Long before the invention of the wheel, early man discovered that breaking a head of grain between two stones could yield a valuable new food source. In doing so, the process of milling was born. For millennia thereafter, stone milling remained the only way to turn grain into flour – the ‘staff of life’ on which civilizations were built.

The first stone mills were powered by slave and animal labour and later by water or wind. They processed the grain by grinding and sold it on to bakers who turned the flour into bread. And so it remained for 8,000 years until the industrial age saw automated mills transform the process of turning a golden field of wheat into flour.

Today’s modern flour mills bear little resemblance to those of early industrialization. The processes and volumes involved defy the imagination. The mills of the 21st century now produce hundreds of different flour varieties for every conceivable need; an estimated 350 million tons of wheat flour annually for human consumption alone.

In short, wheat milling has become a global industry – and one that bears a great responsibility. For the plant that was cultivated by the pioneers of agriculture over 10,000 years ago is now the staple food for a third of the world’s population; the first line of defense between 2 billion people and the abomination of hunger.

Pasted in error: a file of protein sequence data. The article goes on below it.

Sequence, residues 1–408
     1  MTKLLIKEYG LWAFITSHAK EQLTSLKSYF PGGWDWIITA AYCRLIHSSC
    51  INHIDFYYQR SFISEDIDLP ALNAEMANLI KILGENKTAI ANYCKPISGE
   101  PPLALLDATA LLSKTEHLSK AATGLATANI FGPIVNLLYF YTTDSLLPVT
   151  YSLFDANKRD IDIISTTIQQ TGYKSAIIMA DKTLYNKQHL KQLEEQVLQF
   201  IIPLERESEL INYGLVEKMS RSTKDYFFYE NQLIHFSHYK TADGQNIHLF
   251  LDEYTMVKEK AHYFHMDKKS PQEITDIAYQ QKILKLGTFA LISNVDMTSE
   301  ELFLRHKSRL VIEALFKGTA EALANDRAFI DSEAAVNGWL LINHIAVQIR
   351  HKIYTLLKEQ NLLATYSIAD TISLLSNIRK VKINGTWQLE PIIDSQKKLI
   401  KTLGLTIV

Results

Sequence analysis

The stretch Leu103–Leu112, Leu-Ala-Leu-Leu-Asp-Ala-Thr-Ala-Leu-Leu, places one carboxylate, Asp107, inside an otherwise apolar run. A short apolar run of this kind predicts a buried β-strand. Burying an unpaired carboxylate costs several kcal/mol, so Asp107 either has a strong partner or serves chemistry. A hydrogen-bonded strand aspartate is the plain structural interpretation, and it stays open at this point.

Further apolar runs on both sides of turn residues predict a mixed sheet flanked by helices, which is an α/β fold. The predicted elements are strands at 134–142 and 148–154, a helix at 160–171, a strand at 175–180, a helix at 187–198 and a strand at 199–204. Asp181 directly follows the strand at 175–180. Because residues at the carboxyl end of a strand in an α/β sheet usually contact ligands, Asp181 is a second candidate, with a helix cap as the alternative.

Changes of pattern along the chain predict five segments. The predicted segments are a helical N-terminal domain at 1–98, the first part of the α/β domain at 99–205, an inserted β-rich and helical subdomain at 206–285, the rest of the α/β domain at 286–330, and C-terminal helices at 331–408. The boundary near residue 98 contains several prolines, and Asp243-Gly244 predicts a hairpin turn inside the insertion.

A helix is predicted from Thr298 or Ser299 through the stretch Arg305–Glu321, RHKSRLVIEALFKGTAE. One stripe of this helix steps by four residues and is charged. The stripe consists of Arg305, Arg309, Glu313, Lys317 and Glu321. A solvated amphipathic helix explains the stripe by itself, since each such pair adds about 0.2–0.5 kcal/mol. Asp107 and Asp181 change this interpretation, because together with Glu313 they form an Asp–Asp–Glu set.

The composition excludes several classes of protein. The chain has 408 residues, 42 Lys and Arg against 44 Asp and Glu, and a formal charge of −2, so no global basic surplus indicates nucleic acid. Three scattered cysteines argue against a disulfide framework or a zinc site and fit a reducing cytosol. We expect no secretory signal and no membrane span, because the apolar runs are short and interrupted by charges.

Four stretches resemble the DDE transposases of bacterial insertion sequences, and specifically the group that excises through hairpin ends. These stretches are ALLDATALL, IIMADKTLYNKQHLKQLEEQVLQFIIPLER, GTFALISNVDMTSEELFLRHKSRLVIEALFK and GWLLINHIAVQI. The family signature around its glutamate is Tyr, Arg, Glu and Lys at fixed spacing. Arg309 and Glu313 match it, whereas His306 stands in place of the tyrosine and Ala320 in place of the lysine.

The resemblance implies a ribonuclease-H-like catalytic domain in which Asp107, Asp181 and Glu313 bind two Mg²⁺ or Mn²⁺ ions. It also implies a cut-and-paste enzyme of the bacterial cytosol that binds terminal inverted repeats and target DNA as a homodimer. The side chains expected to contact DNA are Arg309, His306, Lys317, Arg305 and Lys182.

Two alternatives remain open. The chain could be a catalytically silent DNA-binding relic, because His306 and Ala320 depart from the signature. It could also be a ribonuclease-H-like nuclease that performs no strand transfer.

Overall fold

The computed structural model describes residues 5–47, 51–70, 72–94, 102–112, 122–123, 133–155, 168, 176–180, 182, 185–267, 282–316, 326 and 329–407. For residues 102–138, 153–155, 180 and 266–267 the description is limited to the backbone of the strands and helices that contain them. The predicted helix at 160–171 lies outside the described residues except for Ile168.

Al Ghurair Foods helped pioneer milling in the Gulf of Arabia and, in 1976, set up the UAE’s first such facility, the National Flour Mills, in Shindaga, Dubai. In the four decades since, parent group Al Ghurair Investment (AGI) has built mills far from the UAE’s own shores – bringing much-needed nutrition to developing communities.

Sourcing the wheat supplies for our mills in the UAE, Sudan, Lebanon, Sri Lanka and beyond – and for many other millers worldwide – is the mission of Al Ghurair Resources, the agricultural commodities arm of AGI and a leading trader in the international grains sector.

Overseeing that sector is the International Association of Operative Millers, the world’s most influential grain milling forum. Founded in 1896, the IAOM is one of the oldest trade associations in existence – and Al Ghurair played a pivotal role in establishing its Mideast & Africa chapter.

The IAOM was also the first to provide a global forum for the ‘dusty industries. ’ – a title earned by grain mills over many generations as a result of the flour-covered faces and uniforms of the millers; a ‘white swarm’ of workers leaving the mills at the end of their days work.

Such traditional scenes may be fading into history – but the history of milling itself occupies a special place in the story of man. There is no religion that does not revere bread as much more than a source of food; no holy book that fails to recognize its higher spiritual significance.

Narratives surrounding flour and bread may have varied in detail through the ages – but the context is universally agreed. A ‘humble’ loaf of bread represents much more than bodily nourishment. It is the physical embodiment of God’s great bounty.